Suppliers set to get prompt payments

Jumia Kenya MD Sam Chappatte (left) and PS Ministry of Trade Chris Kiptoo during the Black Friday Vendor event hosted at Movenpick Hotel in Nairobi. [Jonah Onyango/Standard]
Suppliers and manufacturers in the retail sector have signed a memorandum of understanding to enforce prompt payments.

This is meant to end delays that have seen some businesses close down.

The Retail Code of Practice is an attempt by the sector to self-regulate payment disputes.

It comes in the wake of the collapse of Nakumatt and Uchumi supermarkets, which owed suppliers billions of shillings.

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Dispute settlement

Part of the agreement involves setting up a retail dispute settlement committee composed of seven members – two from the Retail Traders Association of Kenya and two from the Kenya Association of Manufacturers (Kam).

The SMEs that supply the retail sector, the Council of Governors and the Ministry of Trade will each nominate a member to the committee.

“The purpose of this code of practice is to encourage self-regulation and harmonise the retailers’ and suppliers’ engagement while also ensuring that we apply international best practice to the Kenyan market,” said Trade Principal Secretary Chris Kiptoo.

Last year, KAM, petitioned the State to form an industry regulator to police supermarkets, noting that its absence was fuelling exploitation of suppliers by big retailers.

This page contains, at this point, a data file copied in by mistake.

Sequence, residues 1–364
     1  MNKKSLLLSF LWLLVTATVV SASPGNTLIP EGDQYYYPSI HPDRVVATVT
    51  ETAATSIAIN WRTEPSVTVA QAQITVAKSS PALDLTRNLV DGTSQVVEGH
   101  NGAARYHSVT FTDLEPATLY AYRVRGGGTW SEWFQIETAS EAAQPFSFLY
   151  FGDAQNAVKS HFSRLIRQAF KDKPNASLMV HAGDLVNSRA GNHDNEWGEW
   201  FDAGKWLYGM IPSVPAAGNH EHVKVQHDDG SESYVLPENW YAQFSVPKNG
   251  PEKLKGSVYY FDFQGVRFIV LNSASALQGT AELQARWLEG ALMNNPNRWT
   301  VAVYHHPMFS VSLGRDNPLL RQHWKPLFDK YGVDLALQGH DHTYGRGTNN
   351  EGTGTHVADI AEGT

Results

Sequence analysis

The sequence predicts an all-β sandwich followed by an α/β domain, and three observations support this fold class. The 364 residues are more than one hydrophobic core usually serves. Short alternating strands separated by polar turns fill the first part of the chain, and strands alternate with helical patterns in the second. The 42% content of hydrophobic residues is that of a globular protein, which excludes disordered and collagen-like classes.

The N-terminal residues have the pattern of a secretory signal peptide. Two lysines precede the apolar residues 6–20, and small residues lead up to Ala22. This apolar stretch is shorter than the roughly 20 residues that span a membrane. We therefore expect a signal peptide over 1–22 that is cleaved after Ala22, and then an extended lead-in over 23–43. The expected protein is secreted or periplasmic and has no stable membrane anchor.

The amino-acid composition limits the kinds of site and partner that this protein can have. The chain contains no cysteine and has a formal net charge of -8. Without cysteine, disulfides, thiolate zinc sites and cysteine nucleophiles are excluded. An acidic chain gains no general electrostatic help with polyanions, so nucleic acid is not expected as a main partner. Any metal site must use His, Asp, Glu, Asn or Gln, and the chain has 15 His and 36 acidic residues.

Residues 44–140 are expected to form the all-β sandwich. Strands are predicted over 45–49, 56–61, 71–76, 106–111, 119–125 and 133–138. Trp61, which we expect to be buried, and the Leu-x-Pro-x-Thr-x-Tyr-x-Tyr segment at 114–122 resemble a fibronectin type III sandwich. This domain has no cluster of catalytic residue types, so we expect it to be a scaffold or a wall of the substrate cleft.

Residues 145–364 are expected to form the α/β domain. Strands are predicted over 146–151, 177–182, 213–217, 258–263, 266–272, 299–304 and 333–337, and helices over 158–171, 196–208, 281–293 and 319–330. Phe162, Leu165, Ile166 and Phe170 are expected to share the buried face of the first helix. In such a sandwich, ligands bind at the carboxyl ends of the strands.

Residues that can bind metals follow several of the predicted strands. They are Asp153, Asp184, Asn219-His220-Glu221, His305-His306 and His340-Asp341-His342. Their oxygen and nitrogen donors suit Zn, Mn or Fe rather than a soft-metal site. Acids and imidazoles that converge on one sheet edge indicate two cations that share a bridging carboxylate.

In a memorandum to a parliamentary inquiry into the collapse of Nakumatt and Uchumi supermarkets, KAM said some problems plaguing the sector required intervention from the Government if local supermarkets were to survive and compete with global entrants such as Shoprite and Carrefour.

“Due to the few numbers of supermarkets in the country, supermarkets have over time acquired buyer power that has allowed them to exercise dominance in the market,” said KAM in its submissions to Parliament.

However, competition to supply the few large retailers means manufacturers have no option but to continue supplying goods despite existing concerns on late payment and unfair trade practices.

The Code of Practice is, however, voluntary, with both retailers and manufacturers opting for self-regulation and arbitration rather than Government or legal intervention.

“We understand we are about to sign a voluntary code whose success will highly depend on good faith among all players,” said Kimani Rugendo, the chairman of the Association of Kenyan Suppliers, adding that the code would be the first step in resolving disputes in the retail sector.

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retail sectorNakumattUchumi supermarketKenya Association of Manufacturers